One hundred years ago on July 2, 1914, BLAST, or what Ezra Pound called the “great MAGENTA cover’d opusculus,” was released into the world. There are arguments about the actual release date, as it was to be released on June 20 (as is indicated on BLAST page 1), but through financial difficulties and other issues, its appearance was delayed. Whenever it did arrive into the world, BLAST changed literature and literary publishing.
It changed literature as it introduced Vorticism to the public. Vorticism is difficult to pin down with a definition, but I like to call it “art with a high energy discharge.” Tyrone Hopes gives a very good overview of BLAST and Vorticism in his essay “BLAST: The Explosion of Modernism” (50). If you want to think of Modernism, especially early Modernism, as an explosion of “isms,” Vorticism is one of the first significant isms.
BLAST also changed literary publishing with its bold cover and typeface, Grotesque No. 9, which I discuss in the colophon on page 83. BLAST made literature come alive on the page and the cover. It was vibrant! Even decades later, its vibrancy is still catching, as rock-star legend David Bowie has BLAST on his “Top 100 Must Read Books.”
The BLAST tribute section, while only 28 pages in length, is substantial in its remembrance of BLAST and Vorticism. This is accomplished with contemporary Vorticist poems, including the first ever Vorticist sestina – “What Remains” by David Lloyd. To be sure, Pound also wrote the sestina “Sestina: Altaforte,” but that was before BLAST and Vorticism. The BLAST/Vorticist remembrance is also achieved through short essays, such as Mark Antliff’s piece about Henri Gaudier-Brzeska (that Savage Messiah sculptor who changed my life and who sculpted the phallic Hieratic Head of Ezra Pound), Charles Sumner’s examination of “Blast and Commodity Culture,” as well as a personal remembrance by Scott Klein. Both Scott Klein and Mark Antliff are also responsible for the recently released Vorticism: New Perspectives (Oxford University Press, 2013). If this tribute excites you, please turn to that book to continue the energies.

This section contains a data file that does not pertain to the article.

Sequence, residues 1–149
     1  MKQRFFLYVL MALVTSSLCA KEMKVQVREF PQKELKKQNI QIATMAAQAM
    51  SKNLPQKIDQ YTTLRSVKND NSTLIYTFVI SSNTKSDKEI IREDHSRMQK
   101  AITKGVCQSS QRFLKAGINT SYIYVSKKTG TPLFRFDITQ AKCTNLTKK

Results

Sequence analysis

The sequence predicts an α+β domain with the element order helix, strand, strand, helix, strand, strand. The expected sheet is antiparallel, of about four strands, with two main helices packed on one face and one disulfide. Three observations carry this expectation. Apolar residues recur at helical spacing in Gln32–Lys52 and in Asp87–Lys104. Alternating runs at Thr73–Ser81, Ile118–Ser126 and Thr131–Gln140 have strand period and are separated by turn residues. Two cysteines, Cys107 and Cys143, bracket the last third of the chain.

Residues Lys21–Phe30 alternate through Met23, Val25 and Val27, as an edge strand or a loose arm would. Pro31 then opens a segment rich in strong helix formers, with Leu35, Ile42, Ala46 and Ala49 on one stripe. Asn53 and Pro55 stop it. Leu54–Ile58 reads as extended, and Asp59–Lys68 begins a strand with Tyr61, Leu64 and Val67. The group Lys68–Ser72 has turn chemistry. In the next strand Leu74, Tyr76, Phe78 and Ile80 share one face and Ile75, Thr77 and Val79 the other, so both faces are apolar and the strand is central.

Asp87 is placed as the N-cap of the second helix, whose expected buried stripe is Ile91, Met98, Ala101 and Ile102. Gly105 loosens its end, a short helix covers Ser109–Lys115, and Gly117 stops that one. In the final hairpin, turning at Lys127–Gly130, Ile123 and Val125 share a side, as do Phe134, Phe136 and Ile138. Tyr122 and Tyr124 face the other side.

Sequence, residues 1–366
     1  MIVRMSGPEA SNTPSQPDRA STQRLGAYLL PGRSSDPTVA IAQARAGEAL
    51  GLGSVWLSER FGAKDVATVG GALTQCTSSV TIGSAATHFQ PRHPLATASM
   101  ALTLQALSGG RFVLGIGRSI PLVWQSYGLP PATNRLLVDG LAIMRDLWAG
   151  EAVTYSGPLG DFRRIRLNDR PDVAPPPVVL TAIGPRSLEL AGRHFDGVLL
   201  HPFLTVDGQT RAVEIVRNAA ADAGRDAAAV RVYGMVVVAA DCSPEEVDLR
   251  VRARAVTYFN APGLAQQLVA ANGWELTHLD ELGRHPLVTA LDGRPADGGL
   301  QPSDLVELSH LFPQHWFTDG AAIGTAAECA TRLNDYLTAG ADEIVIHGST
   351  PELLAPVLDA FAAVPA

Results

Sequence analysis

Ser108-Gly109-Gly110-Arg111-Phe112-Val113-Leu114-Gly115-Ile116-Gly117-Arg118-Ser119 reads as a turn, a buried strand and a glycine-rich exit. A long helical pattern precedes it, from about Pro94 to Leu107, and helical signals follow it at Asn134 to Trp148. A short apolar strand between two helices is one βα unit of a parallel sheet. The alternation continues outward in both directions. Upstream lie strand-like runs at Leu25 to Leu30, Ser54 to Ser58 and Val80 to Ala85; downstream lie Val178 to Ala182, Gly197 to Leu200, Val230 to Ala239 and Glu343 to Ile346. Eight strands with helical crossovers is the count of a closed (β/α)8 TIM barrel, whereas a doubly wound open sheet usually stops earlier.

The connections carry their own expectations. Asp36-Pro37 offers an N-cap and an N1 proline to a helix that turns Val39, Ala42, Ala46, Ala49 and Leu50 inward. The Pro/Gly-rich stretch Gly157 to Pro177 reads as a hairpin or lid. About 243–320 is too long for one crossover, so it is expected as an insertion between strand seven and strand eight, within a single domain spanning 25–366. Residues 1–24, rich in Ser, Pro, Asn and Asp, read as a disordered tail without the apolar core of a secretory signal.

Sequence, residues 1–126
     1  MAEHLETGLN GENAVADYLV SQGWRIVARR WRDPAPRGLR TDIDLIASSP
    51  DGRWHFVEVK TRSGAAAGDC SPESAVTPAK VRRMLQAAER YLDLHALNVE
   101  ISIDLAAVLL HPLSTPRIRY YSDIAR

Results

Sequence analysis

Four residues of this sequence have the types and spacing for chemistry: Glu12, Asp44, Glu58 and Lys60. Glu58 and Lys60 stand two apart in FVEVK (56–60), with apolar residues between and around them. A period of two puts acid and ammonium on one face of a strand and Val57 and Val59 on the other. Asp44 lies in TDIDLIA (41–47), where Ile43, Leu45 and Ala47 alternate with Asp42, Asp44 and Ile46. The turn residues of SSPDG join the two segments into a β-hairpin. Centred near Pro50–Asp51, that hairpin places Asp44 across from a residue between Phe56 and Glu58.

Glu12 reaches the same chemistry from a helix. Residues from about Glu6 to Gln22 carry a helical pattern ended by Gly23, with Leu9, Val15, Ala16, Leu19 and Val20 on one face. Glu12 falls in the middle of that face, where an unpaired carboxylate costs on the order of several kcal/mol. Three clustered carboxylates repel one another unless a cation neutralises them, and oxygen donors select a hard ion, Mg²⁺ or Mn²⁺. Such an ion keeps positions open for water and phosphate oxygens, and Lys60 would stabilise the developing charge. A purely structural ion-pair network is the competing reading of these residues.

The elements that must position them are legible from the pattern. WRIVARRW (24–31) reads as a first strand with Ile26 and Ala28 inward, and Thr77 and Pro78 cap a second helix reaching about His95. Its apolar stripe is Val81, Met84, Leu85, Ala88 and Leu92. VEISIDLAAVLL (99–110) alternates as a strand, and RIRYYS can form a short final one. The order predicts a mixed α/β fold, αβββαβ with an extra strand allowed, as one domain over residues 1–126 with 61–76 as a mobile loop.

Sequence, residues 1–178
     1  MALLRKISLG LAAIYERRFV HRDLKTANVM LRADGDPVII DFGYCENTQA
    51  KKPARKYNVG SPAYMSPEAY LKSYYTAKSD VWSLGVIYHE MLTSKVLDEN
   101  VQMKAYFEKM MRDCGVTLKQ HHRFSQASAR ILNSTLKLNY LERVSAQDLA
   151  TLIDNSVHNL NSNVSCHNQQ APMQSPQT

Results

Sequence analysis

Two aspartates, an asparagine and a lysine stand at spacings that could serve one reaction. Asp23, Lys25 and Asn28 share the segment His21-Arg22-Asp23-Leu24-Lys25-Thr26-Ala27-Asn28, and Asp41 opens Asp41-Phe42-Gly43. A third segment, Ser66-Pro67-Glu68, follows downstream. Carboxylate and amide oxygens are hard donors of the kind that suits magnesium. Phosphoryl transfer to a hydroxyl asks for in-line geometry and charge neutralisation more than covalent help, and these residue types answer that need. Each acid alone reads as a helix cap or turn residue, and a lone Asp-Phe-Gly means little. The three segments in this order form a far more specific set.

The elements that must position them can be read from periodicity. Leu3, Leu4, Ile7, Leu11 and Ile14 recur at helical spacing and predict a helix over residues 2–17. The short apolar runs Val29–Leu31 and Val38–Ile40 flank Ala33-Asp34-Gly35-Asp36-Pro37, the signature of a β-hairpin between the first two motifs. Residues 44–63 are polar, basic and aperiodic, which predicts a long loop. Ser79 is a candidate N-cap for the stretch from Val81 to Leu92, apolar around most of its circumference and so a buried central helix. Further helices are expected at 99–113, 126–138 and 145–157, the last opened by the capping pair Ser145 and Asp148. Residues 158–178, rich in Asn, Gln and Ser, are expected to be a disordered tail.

You will notice this issue has no creative prose. For the next issue, we do seek short fiction and creative non-fiction pieces. We also would like to receive more submissions from women and people of color.
Long Live the Vortex!
Medium: Digital collage.
“Balor” arose from studying early Irish myth – the terrifying image of Balor, with his murderous eye, gets translated into circles that reverberate. Rose windows, Cuchulain’s hound, knots. Again I’m interested in ambiguity in these images – in my mind, this is what creates the “spark” that Breton was after in his Surrealist manifestos.
EDWARD SCHELB has pursued the intersection of poetry and painting both as an artist and a critic. He has recently published essays on John Yau and postmodern art, and his graphic poem Angelic Meltdown is a strange and unholy admixture of rockabilly, Rimbaud, and pop Art.
This issue of Redactions: Poetry, Poetics, and Prose is right on track for my hopes and desires for the journal – an eclectic selection of written aesthetics as well as writings that try to risk something or do something new. In this issue, you will encounter the experimental scherzo from William Heyen, the experimental and exploratory “Chronic vs Terminal” poem from Jennifer Bradpiece, the wildness of James Grabill, the literary yet playful poetry in Anthony Frame’s “Everything I Know I Learned from The Dream Songs,” the political but not overbearing “To the Representative on the House Science, Space, and Technology Committee, Who in 2012 Said, “Evolution, Big Bang Theory, All That Is Lies Straight From the Pit of Hell,” I Offer This Quick Study on Natural Selection, in Which the Eagle is Thought; the River is Reason; the Salmon is Insight; Tomorrow is A Salmon; and the Crows, of Course, Are You” poem by Rob Carney (not to mention the crazy, long title), the heart-breaking and well-crafted “Surgery” poem by Donald Illich, and Nathan E. White’s memoir-esque and literary criticism-esque “Further Reading: DistanceModulus.” All in all, there is lot of exciting writing in here, and there are certainly many pieces that will appeal to everyone. The next issue of Redactions will be a tribute to BLAST – that “great MAGENTA cover’d opusculus” of the Vorticists. July 2, 2014, will be the 100th anniversary of this seminal literary journal that changed the complexion of literary journals. For that issue, we will be looking for poems or stories written in the Vorticist style, or poems or short essays (under 1000 words and closer to 500 words) about something that fascinates you about Vorticism, a Vorticist, or BLAST. See complete submission details at Submissions & Ordering.